What SLS really found is that, like a lot of other small towns across America, “Ferguson’s law enforcement practices are shaped by the City’s focus on revenue rather than by public safety needs.”  With that as its focus, the SLS criticizes not just the FPD, but city managers and the procedures used by the local court system.  For those of us who have driven through speed trap towns, we understand what that means.  As distasteful as that is, as unfair as we may think using traffic violations or “aggressively enforce[ing] the municipal code” to raise revenue may be, that type of behavior does not amount to a “pattern of unconstitutional policing” or intentional racial discrimination.  

In fact, as Investors Business Daily notes, the Federal Reserve Bank in St. Louis, Missouri issued a report  in 2006 concluding that as public opposition to increases in local tax rates has increased, one “very common indirect revenue source for local governments “ trying to compensate has been  issuing traffic tickets.  There is no doubt that the citizens of Ferguson should pressure local government to stop this practice. But as long as the violations are real violations of the law, not false claims made up by local police, there is no violation of federal law and certainly no “pattern or practice” that violates §14141.  

The other reason to read the SLS’s report with a great deal of skepticism is because of the militant ideologies and backgrounds of the attorneys who work there and were responsible for drafting this report.  The SLS is filled with “progressive” lawyers well known in the Civil Rights Division as having an incredible hostility to the police. As I pointed out in this article, almost all of the lawyers hired in this section come from, or were members of, left-wing advocacy groups: “while there were numerous lawyers hired who worked at public defenders or for advocacy organizations for criminals and prisoners, not a single lawyer was hired with experience as a prosecutor or in law enforcement in a Section which has as one its main jobs investigating the practices of local police. Do local jurisdictions really think they will get a fair, nonpartisan, objective hearing from the lawyers in this Section?”

That remains just as true today as when I wrote it back in 2011.  The bottom line is that there is no question that there are some troubling incidents covered in the report.  In certain cases, there is a real question whether FPD police officers had reasonable suspicions or met the elements of probable cause to act, or may have overreacted in a threatening situation.  But that type of Monday morning quarterbacking happens in every police department in the country.  It is always easier to second-guess an officer’s actions in the calm light of day than it is to actually face the incredibly hostile circumstances confronted by the officer, who is forced to make a split-second decision where his/her own life, not to mention the lives of others, are on the line.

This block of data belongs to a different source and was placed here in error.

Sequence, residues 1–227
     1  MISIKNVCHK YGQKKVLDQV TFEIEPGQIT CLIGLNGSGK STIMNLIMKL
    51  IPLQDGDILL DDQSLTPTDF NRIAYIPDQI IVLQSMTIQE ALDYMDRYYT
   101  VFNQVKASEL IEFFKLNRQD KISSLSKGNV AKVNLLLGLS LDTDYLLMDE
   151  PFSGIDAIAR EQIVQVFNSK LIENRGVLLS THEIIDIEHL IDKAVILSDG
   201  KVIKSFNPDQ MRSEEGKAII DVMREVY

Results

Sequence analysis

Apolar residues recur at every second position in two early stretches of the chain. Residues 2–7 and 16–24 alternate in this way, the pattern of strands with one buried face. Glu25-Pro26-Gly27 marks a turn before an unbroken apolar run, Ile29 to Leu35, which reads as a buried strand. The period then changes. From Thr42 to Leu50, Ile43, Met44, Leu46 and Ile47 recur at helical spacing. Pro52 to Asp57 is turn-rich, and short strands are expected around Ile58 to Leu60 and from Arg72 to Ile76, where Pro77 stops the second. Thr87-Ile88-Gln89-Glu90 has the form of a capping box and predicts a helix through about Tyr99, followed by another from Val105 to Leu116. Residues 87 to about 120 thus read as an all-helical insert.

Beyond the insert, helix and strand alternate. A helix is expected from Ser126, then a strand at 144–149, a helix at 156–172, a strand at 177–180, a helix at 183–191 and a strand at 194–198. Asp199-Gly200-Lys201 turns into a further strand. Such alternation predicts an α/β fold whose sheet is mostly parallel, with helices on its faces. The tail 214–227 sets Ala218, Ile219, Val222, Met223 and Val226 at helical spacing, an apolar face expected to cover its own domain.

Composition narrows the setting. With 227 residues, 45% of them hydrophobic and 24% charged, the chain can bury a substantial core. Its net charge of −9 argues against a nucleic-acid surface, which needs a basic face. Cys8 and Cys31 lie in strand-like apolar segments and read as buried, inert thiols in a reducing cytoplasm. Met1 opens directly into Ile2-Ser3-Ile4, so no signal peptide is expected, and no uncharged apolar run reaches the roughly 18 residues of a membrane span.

Can the FPD use some better training on what the requirements are under the law before they can stop, detain, or arrest a potential lawbreaker?  The answer is probably “yes.”  But that, too, is true of most police departments in America.  It is not evidence that the FPD discriminated and violated federal law or the constitutional rights of local residents.     

Should Ferguson move away from trying to raise revenue through municipal code violations and traffic stops?  The answer to that is also “yes.”  But again, that is a choice that should be made by local officials and local residents.  It does not constitute a federal case or a violation of the applicable statute, 42 U.S.C. § 14141, that the Justice Department is charged with enforcing. Attorney General Eric Holder does not have the authority under that statute to “dismantle” the police department, as he has said the federal government may demand.   

Reuters reported that two police officers who are not even members of the FPD were shot and seriously wounded during a protest in Ferguson just “hours after the city’s police chief resigned in the wake of a scathing U.S. Justice Department report finding his force was rife with racial bias.”  It would be hard for anyone to claim that protest and the resulting violence did not flow directly from the dubious accusations made by the Justice Department. From the first moment they inserted themselves in the furor that erupted in the wake of Michael Brown’s death, Eric Holder and his lawyers in the Civil Rights Division have seemingly done their best to inflame passions rather than calm the waters of a small town in Missouri.

 - Hans A. von Spakovsky is a Senior Legal Fellow at The Heritage Foundation.

Originally appeared in The National Interest